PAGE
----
SHIYE-HESHL LEVENSHTEYN (YH”L) (1897-summer 1942)
He was born in Seratsk (Serock), near Warsaw, Poland, into a family that drew its lineage back to the “Pene yehoshua” (Face of Joshua [a text by which Rabbi Yaakov Yehoshua Falk was known]). He was a grandson of the well-known Hassidic bibliographer, Rabbi Yoysef Levenshteyn. He attended religious elementary school and yeshivas. In 1921 he settled in Warsaw, at first running a paper shop, and in 1930 he became an official of the Jewish community initially at the Praga Cemetery and later in the department for social relief. From 1921 he was a contributor to such Orthodox publications as Der yud (The Jew) and Yudishe togblat (Jewish daily newspaper) in Warsaw, in which he published (under the pseudonym Yh”l) historical stories and novels, ran the division in the latter of “Der historisher tog” (The day in history), published chapters of “Geshikhte fun yidishe drukerayen in poyln” (History of Jewish publishers in Poland)—among others, on the first Jewish publisher in Żółkiew in Der yud (November 1, 1926)—and a series of his, “Idishe layden in der velt-geshikhte” (Jewish suffering in world history), as well as bibliographic notes on old Yiddish and Hebrew religious and secular texts. He contributed as well to: Der idisher arbayter (The Jewish laborer) and Beys yankev zhurnal (Beys Yankev journal) in Lodz; Ortodoksishe yugnt-bleter (Orthodox youth pages), Deglanu (Our banner), and Darkenu (Our way) in Warsaw; Dos likht (The light) in Cracow; and Dos vort (The word) in Vilna; among others. In the Warsaw Ghetto he continued his commentary on Pirke avot (Ethics of the Fathers). He lived in the same house in the ghetto that Janusz Korczak had his children’s home, and, together with the children and his own entire family, he was deported in the first Warsaw expulsion to his death in Treblinka.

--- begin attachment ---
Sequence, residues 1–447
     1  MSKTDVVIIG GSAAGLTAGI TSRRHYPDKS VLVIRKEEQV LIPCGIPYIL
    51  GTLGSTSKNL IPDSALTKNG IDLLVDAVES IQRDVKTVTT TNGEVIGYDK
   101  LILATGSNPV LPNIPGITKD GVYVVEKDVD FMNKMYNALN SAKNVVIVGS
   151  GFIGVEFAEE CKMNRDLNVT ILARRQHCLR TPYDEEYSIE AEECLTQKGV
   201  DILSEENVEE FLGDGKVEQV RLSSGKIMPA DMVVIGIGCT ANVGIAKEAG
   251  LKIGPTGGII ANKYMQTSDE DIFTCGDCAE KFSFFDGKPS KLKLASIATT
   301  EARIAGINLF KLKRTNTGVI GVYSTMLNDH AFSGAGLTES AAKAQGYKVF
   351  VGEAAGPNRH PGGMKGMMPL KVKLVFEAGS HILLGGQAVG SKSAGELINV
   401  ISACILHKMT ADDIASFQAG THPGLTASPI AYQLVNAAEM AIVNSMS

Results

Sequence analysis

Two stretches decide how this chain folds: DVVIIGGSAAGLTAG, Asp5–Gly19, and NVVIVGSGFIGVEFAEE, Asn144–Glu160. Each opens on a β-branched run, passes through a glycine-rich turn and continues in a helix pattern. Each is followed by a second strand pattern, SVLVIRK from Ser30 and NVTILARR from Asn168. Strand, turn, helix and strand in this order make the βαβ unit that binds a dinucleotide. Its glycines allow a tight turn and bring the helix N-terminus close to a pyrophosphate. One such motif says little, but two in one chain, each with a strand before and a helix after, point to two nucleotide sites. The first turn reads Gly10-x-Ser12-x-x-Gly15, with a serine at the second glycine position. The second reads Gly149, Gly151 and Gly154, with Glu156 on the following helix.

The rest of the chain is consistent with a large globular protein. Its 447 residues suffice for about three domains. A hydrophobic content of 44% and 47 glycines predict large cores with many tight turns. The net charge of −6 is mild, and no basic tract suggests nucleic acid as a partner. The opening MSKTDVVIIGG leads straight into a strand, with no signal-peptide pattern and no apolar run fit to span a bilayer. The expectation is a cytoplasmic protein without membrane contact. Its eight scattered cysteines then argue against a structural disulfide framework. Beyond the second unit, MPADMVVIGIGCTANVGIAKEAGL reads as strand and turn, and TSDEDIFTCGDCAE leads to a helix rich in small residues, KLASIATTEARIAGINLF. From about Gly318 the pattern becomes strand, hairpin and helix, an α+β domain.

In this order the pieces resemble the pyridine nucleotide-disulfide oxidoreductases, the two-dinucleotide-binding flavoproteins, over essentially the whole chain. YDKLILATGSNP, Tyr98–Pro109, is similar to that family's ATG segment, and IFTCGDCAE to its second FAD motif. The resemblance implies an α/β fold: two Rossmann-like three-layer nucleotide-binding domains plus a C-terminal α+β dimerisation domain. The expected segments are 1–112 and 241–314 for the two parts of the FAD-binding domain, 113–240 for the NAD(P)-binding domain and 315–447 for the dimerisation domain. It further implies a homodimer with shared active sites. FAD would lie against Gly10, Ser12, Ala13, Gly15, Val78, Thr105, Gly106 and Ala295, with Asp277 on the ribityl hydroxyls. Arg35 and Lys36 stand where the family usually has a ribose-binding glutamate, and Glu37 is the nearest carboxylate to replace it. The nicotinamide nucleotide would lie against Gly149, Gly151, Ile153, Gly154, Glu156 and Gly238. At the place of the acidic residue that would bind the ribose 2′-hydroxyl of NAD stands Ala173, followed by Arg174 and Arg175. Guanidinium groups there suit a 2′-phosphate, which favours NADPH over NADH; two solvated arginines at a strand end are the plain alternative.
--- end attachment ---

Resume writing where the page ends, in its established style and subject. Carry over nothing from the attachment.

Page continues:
Sources: Biblyografishe yorbikher fun yivo (Bibliographic yearbooks from YIVO) (Warsaw, 1928), see index; Sh. Chajes, Otsar beduye hashem (Thesaurus Pseudonymorum; Treasury of pseudonyms) (Vienna, 1933), p. 148; information from Yehude Elberg in Montreal.
Khayim Leyb Fuks